The Vulgate essentially dominanted for several centuries even after the East-West schism of Catholicism and Eastern Orthodoxy (1054) until around the protestant reformation (1517). With the loss of authority of Rome, individuals, countries and national churches started creating their own translations in their own languages. Most of them were translated from the Vulgate and included the deuterocanon.

    Martin Luther did not consider the deuterocanon equal to the rest of the OT and placed it in a separate section called the "Apocrypha" in his german version of the bible (1534). He felt the apocrypha supported elements of Catholicism such as Purgatory and prayer for the dead that he was protesting against.

    Catholics held the Council of Trent (1545-63) in response to the protestant reformation and one of the issues was the books of the canon. They felt the need to formally state that the books of the biblical canon included the deuterocanon.

    English Bibles

    James I commissioned the KJV in 1611 which had a separate "Apocrypha" section which included the deuterocanon as well as 3 other books. English bibles continued to be printed with the Apocrypha with some minor exceptions until the 1800s. Of particular note is the first english bible published in America by Robert Aitken in 1782 which was a KJV without the apocrypha.

    In the 1800s bible societies rose in prominence such as the British and Foreign Bible Society (1804) and the American Bible Society (1816). The Trinitarian Bible Society formed in 1831 because of demand for bibles without the apocrypha. By the late 1800s, all protestant bibles printed by bible societies excluded the apocrypha.
     
    #4 Gold Dragon, Oct 27, 2007
    Last edited by a moderator: Oct 27, 2007
  5. Doubting Thomas

    Doubting Thomas
    Expand Collapse
    Active Member

    Joined:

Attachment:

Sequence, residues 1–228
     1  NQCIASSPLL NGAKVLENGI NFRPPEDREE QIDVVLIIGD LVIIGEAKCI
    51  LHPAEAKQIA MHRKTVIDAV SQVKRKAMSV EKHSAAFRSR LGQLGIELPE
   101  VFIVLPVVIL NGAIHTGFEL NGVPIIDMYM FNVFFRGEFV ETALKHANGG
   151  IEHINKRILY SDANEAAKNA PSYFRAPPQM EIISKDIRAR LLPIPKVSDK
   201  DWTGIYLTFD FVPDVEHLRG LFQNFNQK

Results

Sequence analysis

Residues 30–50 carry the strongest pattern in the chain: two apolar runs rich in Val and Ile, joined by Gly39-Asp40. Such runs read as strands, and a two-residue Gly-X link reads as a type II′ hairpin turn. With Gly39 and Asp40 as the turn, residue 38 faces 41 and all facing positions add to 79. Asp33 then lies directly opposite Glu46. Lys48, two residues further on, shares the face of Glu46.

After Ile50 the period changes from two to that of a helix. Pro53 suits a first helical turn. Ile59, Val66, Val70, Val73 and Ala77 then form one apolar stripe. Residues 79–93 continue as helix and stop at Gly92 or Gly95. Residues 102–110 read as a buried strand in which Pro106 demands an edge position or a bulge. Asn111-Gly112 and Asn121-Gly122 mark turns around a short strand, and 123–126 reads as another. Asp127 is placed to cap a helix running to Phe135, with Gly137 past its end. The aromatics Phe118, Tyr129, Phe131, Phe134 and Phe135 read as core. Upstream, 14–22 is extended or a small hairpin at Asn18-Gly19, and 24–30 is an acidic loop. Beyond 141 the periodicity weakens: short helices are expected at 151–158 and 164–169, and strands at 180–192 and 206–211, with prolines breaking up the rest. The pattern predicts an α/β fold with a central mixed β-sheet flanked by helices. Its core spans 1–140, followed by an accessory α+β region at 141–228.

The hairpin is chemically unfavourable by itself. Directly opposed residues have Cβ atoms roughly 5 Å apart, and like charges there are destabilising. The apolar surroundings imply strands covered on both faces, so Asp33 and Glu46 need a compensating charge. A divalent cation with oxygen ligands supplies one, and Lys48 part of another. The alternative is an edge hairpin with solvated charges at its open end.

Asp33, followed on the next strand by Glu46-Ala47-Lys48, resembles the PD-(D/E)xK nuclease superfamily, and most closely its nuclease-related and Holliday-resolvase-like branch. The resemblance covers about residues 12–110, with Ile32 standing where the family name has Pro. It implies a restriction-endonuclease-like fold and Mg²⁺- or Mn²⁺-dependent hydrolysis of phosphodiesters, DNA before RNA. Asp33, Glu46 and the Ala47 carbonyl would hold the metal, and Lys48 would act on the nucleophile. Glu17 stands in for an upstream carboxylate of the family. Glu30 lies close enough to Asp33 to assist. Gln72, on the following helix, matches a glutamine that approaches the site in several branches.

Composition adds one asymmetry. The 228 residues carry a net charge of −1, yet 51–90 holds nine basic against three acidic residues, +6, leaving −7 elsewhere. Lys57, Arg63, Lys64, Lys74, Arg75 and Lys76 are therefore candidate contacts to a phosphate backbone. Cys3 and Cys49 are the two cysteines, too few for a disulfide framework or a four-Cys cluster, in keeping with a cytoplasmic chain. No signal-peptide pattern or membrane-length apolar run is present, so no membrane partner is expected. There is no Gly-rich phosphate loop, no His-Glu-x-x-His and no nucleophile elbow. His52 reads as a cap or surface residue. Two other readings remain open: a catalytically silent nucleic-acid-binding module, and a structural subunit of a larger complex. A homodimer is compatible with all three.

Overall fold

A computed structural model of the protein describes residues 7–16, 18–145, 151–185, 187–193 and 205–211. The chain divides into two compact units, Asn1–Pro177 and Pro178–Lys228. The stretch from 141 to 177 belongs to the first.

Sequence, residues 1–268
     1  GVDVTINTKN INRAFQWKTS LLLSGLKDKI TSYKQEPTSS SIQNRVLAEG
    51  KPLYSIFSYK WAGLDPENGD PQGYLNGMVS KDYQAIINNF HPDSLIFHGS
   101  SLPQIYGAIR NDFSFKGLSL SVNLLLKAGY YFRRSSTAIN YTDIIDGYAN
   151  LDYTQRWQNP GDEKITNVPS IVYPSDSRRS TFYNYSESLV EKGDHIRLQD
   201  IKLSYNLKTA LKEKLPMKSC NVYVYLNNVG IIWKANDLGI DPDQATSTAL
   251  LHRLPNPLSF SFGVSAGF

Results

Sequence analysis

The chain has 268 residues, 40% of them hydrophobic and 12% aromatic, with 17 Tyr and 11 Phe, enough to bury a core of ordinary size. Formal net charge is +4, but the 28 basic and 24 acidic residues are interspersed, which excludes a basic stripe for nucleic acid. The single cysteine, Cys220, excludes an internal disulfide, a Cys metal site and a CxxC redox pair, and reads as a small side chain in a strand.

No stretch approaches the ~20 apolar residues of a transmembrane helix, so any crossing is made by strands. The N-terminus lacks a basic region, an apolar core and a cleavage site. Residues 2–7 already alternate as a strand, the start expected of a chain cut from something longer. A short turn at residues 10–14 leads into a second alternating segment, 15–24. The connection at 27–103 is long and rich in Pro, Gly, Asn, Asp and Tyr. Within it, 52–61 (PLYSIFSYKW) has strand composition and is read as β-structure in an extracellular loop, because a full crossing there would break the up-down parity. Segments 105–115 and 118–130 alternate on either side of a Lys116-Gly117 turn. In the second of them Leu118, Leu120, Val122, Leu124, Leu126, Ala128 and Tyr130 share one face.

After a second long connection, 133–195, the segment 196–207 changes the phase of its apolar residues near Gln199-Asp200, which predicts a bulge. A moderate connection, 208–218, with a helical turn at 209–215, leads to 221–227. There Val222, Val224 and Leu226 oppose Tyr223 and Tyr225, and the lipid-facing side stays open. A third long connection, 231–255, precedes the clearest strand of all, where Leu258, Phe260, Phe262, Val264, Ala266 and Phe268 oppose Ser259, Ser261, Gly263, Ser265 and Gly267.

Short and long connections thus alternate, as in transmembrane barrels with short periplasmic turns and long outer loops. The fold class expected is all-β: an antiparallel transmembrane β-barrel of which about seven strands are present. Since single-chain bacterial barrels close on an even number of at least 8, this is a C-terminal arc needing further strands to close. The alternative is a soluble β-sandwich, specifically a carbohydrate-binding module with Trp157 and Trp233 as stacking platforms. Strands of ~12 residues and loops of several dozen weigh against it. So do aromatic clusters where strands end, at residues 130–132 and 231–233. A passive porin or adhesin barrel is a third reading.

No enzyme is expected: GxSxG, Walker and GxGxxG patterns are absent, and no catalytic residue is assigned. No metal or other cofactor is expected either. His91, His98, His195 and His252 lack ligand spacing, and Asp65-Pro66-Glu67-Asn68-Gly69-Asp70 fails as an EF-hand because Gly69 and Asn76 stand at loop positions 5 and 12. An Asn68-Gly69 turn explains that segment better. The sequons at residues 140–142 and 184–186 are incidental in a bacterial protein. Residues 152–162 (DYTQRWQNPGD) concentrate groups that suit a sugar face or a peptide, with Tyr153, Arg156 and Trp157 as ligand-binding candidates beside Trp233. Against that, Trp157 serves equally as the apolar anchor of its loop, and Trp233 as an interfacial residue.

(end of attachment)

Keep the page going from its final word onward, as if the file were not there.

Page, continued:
Jan 22, 2003
    Messages:
    2,616
    Likes Received:
    6
    Question--is your friend referring to the Deuterocanonicals (ie the extra books of the LXX OT, also called the "Apocrypha" by some), or is he referring to all the spurious "gospels" (and "acts" and "apocalypses") written by Gnostics and other heretics falsely attributed to the apostles? He may be referring to the latter, as it is fashionable these days--given the popularity of the DaVinci Code, et al--to suggest that all these other "gospels" (etc) are just as legitimate as what we actually have in the NT, and that it was the "power-hungry, misogynist, patriarchal Church" that purposefully "suppressed them".
     
  6. Gold Dragon

    Gold Dragon
    Expand Collapse
    Active Member

    Joined:
    Feb 24, 2005
    Messages:
    3,837
    Likes Received:
    3
    Good point. Early Christian Writings has a good list of all Christian writings before 300AD, including the Gnostic writings, the various "gospels" "acts" and "apocalypses" as well as the writings of the early church fathers.
     
  7. hillclimber1

    hillclimber1
    Expand Collapse
    New Member

    Joined:
    Sep 10, 2006
    Messages:
    2,447
    Likes Received:
    0
    Sorry, both he and I are woefully ignorant of these writings. He brought with him, just the knowledge that there were some. He knows now that the Bible we have today lacks nothing.
     
  8. hillclimber1

    hillclimber1
    Expand Collapse
    New Member

    Joined:
    Sep 10, 2006
    Messages:
    2,447
    Likes Received:
    0
    Thank you GD, and the rest, you've given me more to look at than I wanted to have to deal with. I'll get the flavor of them. Again thanks......hill
     
  9. Gold Dragon

    Gold Dragon
    Expand Collapse
    Active Member

    Joined:
    Feb 24, 2005
    Messages:
    3,837
    Likes Received:
    3
    Sorry about the length. I guess I get a little overexcited when someone wants to know about history. I know ... I'm sad. ;)

    It was a good opportunity for me to review my understanding of the story and fill in some blanks that I've had in the past. Thank you for it.
     

Share This Page

Loading...